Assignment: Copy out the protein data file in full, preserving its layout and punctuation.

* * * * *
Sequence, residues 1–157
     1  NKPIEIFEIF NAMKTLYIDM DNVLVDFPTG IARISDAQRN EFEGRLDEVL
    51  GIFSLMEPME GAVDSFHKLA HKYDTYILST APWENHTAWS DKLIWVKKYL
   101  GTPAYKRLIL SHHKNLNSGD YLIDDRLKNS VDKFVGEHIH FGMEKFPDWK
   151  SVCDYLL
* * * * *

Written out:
Sequence, residues 1–157
     1  NKPIEIFEIF NAMKTLYIDM DNVLVDFPTG IARISDAQRN EFEGRLDEVL
    51  GIFSLMEPME GAVDSFHKLA HKYDTYILST APWENHTAWS DKLIWVKKYL
   101  GTPAYKRLIL SHHKNLNSGD YLIDDRLKNS VDKFVGEHIH FGMEKFPDWK
   151  SVCDYLL